TV Cream


The man who excelled: Paul Daniels (1938-2016)

The man who excelled
A true light entertainment giant? Yes, Paul!

In light of the sad news, here’s a ruffle through the TV highlights of Mr Paul Daniels…

It’s the man who excels, Paul Dan-i-els! And yes, we’ll come to that in due course. The former local government auditor from Middlesbrough started his magical career in night clubs, initially performing alongside his then wife in a double act called The Eldanis (do you see?). We think Paul’s first telly appearance was on Opportunity Knocks and he slogged away on the circuit for many years, gradually working his way up the bill. One of his first proper TV gigs was this Saturday teatime series which promised, it says here, “non-stop, now-you-see-it, now-you-don’t magic, mirth and music” with Paul billed alongside Faith Brown and some other names we don’t recognise.

Probably the man most responsible for turning Paul Daniels from a middle-of-the-bill novelty act to a star name was Granada’s legendary star-spotting Head of Light Entertainment John Hamp, who hired him for several appearances on the Wheeltappers where his mix of magic and aggressive comedy caught the eye. He was successful enough for ITV to give him his own Christmas special in 1977 and then the next year he was booked to front a variety series, his tricks interspersing the traditional fare, the highest rated episode pulling in 12.8 million viewers in August 1978 with a guest list including Roy Walker and his old Wheeltappers mate Colin Crompton. However Paul’s spell on the light channel was short-lived as he was then poached by the Beeb.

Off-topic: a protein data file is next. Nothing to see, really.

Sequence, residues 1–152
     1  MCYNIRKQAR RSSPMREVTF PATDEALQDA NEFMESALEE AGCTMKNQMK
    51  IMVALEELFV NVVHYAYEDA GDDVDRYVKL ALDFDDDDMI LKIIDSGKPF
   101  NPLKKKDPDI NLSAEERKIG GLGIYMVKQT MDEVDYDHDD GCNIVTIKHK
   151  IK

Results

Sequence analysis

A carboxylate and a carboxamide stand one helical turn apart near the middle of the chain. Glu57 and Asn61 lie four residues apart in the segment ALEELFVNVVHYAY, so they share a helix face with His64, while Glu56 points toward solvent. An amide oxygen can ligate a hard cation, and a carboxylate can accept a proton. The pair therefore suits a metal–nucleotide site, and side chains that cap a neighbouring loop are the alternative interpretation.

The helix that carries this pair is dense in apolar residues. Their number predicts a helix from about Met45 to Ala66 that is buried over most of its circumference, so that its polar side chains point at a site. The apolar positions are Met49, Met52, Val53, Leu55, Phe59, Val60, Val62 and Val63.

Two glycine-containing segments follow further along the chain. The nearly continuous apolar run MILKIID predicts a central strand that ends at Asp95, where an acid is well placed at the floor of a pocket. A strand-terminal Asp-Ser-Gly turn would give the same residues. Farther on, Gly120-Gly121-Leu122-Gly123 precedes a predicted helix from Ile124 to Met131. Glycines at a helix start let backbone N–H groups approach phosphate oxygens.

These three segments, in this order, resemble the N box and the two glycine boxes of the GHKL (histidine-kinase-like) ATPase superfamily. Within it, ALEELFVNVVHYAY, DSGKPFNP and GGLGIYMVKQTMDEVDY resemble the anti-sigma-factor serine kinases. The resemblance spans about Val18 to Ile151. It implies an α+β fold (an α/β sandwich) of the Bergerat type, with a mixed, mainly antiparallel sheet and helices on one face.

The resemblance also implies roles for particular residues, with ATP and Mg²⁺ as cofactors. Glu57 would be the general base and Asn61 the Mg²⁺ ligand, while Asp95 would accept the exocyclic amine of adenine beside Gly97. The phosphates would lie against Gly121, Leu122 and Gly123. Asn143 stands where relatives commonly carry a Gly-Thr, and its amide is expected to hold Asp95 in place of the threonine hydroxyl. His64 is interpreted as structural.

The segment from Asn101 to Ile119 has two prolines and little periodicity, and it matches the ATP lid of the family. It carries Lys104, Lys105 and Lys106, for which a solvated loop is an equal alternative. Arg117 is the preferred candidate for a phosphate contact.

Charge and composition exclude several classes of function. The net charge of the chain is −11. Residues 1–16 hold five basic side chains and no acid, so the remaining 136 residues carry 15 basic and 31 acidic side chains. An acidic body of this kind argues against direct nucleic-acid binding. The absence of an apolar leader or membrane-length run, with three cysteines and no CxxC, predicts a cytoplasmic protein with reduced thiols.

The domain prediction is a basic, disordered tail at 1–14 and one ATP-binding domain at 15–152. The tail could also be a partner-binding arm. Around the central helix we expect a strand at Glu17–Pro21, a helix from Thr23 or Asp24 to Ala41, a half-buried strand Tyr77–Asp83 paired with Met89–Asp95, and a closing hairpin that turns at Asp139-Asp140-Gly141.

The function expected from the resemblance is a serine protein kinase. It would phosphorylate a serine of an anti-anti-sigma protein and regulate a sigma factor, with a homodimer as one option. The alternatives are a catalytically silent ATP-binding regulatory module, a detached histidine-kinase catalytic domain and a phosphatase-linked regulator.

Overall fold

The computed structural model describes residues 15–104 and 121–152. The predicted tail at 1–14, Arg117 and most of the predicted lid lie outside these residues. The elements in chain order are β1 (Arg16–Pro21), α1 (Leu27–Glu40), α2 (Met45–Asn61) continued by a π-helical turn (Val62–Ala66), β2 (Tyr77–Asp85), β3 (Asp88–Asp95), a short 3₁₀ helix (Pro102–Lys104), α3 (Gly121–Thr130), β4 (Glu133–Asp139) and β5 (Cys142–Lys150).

Paul’s move to the Beeb saw him launch a new series that would eventually run for fifteen years. The key word in the title was “magic” because the show was devoted to tricks and nothing but, with no opportunity to wheel on a singer or comedian when inspiration ran dry. A hugely successful series, it seemed very much the flagship light entertainment show on the Beeb, with extremely high production values, while it was constantly entered for, and won, awards like the Golden Rose of Montreux and, for four years in the early eighties, was rewarded with the much coveted slot on Christmas Day. We join it up there in 1981, during the period where the show had a “jury”, twelve members of the studio audience who would sit on the stage in the interests of seeing everything was above board and there were no camera tricks or anything. And there was that unforgettable theme tune, inviting us to “look at this trick and that trick”, not quite Ronnie Hazlehurst’s finest few minutes.

As well as his magic show keeping him busy for many years, Paul also spent over a decade capably hosting a trilogy of amiable, if unexciting, game shows which would happily while away an idle half hour. This was the first, heralded by surely the strangest composition that man Ronnie ever came up with, though just right for the daft titles with Paul’s “haven’t got it… nearly got it… got it!” faces. Revolting set, though. The point of the game was to, well, spot the odd one out in lists of things, but it’s fun to play along and we wouldn’t mind if a channel commissioned two hundred episodes of it to run every day. Paul’s banter with the contestants and audience was a bit brittle but he had the quick wit to keep it all running smoothly for four years, unsurprisingly getting its highest ever rating just before the end of its run in 1985 when it found itself opposite a three hour documentary on the Miners’ Strike on ITV.